From Agronomists of the
Potash & Phosphate Institute
655 Engineering Drive, Suite 110
Norcross, Georgia 30092-2837
Phone (770) 447-0335

Summer 2005, No. 1


Fertilizer efficiency describes how well plants use nutrients. Most experts agree that enhancing fertilizer efficiency would provide big benefits. But what precisely does it mean? How can it be enhanced, and to what degree? Does it differ among nutrients?

Enhancing efficiency provides benefits. It is profitable because fertilizer costs are rising. It benefits the environment, because some nutrient losses impact the quality of water and air. The trends of increased regulation and program incentives—at many levels ranging from municipal to international—are driving interest in the topic.

Several meanings of efficiency relate to fertilizer use. One is agronomic efficiency, the amount of additional crop each unit of fertilizer yields. Another is recovery efficiency, the increase in what the plant takes up as a proportion of nutrient applied. Yet another—let’s call it removal efficiency—describes the proportion that producers remove from the field with harvest.

Recovery by the crop differs from recovery by the cropping system. Not all the nutrients left in the soil leave the soil. The soil’s nutrient stocks, and the activity of its organisms, depend on nutrient additions. Nutrients have residual value that extends beyond the crop to which they are applied. As a result, long-term efficiencies can be higher than short-term.

Sustainable efficiencies are long-term efficiencies. Short-term efficiency gains resulting from reduced rates of application may not be sustainable in the long term. Nitrogen contributes to organic matter as well as to crop yield. Phosphorus and potassium inputs contribute directly to building and maintaining soil test levels—for optimum crop yields.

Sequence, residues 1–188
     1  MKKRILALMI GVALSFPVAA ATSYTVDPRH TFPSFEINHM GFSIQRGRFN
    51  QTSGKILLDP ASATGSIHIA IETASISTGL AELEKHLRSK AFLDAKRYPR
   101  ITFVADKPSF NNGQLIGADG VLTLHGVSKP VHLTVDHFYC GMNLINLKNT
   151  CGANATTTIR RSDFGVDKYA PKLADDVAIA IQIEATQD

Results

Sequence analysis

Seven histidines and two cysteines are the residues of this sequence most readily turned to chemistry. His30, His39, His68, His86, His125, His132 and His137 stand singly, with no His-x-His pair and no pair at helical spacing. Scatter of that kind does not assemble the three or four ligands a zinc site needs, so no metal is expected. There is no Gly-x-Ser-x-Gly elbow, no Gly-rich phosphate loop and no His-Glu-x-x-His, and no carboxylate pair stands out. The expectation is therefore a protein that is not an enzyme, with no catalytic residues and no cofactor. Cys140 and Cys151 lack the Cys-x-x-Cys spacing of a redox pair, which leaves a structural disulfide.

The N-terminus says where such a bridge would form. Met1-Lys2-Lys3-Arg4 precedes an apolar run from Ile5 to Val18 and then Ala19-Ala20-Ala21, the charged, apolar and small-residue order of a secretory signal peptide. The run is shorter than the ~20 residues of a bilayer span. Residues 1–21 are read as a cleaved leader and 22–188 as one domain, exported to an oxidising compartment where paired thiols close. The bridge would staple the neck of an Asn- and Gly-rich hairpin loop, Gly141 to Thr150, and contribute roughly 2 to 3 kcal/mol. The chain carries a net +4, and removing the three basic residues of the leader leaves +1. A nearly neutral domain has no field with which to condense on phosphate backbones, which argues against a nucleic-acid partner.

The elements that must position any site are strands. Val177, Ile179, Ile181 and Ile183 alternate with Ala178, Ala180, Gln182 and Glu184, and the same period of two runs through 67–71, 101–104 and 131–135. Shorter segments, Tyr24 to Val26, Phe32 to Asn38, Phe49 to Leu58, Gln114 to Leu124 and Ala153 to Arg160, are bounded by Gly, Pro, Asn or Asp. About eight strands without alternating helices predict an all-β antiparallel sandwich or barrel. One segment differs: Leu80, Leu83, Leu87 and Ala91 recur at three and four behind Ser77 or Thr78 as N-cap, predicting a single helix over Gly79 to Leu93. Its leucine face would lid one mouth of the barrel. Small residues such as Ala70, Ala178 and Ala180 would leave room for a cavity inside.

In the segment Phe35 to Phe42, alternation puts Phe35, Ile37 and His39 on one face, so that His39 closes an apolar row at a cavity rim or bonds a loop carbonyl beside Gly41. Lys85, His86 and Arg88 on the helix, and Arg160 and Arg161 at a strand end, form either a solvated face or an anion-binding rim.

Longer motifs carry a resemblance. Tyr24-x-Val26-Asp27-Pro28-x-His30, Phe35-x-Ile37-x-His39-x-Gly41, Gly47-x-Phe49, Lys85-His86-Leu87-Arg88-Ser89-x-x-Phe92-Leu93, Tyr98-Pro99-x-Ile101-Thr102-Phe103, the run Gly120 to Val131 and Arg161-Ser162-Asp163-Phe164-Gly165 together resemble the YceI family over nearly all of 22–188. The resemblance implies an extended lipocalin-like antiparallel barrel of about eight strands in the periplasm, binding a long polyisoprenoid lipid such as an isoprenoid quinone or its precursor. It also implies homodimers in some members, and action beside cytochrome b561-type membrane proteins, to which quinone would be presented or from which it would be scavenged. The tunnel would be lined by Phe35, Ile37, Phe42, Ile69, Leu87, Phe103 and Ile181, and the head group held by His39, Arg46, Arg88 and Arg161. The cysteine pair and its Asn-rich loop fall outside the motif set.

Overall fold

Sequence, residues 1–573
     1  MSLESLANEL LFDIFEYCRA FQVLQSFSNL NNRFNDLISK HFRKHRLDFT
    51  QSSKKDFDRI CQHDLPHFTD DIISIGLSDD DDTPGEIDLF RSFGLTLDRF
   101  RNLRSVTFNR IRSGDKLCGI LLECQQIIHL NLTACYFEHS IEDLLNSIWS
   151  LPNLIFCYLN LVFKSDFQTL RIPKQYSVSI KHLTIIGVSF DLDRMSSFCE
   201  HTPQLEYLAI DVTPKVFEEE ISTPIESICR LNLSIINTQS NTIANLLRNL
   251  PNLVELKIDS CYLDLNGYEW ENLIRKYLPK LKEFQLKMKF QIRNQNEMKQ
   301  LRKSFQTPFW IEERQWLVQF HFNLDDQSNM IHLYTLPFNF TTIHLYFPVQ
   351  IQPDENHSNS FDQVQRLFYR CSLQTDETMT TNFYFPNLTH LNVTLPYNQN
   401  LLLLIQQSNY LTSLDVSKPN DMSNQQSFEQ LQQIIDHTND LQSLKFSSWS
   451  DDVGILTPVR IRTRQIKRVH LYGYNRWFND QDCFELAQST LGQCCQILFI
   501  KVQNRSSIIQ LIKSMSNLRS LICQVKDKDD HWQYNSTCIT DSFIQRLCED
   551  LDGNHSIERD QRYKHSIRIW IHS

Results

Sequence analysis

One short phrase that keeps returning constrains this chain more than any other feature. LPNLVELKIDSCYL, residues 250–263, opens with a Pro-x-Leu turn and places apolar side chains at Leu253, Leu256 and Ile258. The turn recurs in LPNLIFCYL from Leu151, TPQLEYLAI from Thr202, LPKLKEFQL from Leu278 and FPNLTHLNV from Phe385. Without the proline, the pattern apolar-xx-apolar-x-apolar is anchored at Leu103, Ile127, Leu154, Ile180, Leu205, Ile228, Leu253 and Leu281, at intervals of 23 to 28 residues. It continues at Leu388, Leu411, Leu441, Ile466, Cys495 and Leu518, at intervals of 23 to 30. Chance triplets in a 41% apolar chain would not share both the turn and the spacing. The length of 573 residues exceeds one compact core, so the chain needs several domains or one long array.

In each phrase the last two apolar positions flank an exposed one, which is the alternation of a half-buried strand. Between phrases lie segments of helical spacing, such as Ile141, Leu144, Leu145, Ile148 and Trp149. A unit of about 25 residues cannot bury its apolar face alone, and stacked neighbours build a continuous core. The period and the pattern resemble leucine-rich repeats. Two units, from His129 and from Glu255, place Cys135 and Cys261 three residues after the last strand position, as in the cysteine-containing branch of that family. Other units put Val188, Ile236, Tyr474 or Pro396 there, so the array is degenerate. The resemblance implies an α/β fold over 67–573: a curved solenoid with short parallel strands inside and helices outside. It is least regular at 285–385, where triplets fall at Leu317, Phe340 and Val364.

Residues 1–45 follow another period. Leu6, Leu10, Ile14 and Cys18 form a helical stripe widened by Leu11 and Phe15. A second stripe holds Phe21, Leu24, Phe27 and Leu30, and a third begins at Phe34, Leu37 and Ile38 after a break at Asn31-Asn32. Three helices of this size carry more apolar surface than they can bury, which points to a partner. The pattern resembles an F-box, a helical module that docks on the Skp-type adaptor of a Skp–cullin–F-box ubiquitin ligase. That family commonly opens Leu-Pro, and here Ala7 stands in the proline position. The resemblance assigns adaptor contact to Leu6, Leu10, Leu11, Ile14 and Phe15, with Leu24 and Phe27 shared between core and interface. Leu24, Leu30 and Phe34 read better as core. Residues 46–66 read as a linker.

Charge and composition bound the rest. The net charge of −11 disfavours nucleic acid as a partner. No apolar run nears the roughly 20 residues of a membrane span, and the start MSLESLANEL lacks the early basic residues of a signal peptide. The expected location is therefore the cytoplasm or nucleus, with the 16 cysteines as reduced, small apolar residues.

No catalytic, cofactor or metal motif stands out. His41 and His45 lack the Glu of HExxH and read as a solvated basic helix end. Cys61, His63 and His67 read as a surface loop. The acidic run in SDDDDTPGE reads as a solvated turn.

Good crop yields are good for efficiency. A larger crop absorbs more nutrients. Practices like balanced fertilization, timely seeding, and good husbandry all enhance efficiency.

A good first-year-crop recovery for nitrogen is 60%. The remaining 40% may be lost to the air either as ammonia or dinitrogen or nitrogen oxides, or to water when nitrate leaches out. These losses are minimized by applying no more than the crop needs, making it available just before the crop takes it up. Tools to minimize loss include side-dressing or split application, use of inhibitors, stabilizers or coatings to slow conversion to nitrate, and better prediction of crop need.

Crop removal, too, amounts to 60% of the nitrogen applied, for non-legume crops in North America. Opportunity is ample to improve recovery, but not all the remaining 40% is lost. In soils that are gaining organic matter, some of the nitrogen stays in the soil.

For phosphorus, a good first-year-crop recovery is 20%. But most of the remaining 80% stays in the soil, raising soil test phosphorus. Once the soil test rises to a certain point—the agronomic “high” range—most crops are satisfied with rates close to crop removal.

Crop removal amounts to about 90% of the phosphorus applied, for all crops currently grown in North America. Opportunity to improve long-term recovery by the cropping system is much smaller than it is for nitrogen.

Managing nutrients for long-term impact sustainably enhances fertilizer efficiency.


For more information, contact Dr. Tom Bruulsema, Eastern Canada and Northeast U.S. Director, PPI, 18 Maplewood Drive, Guelph, Ontario N1G 1L8, Canada. Phone: (519) 821-5519; E-mail:

Agri-Briefs Summer 2005-1.pdf
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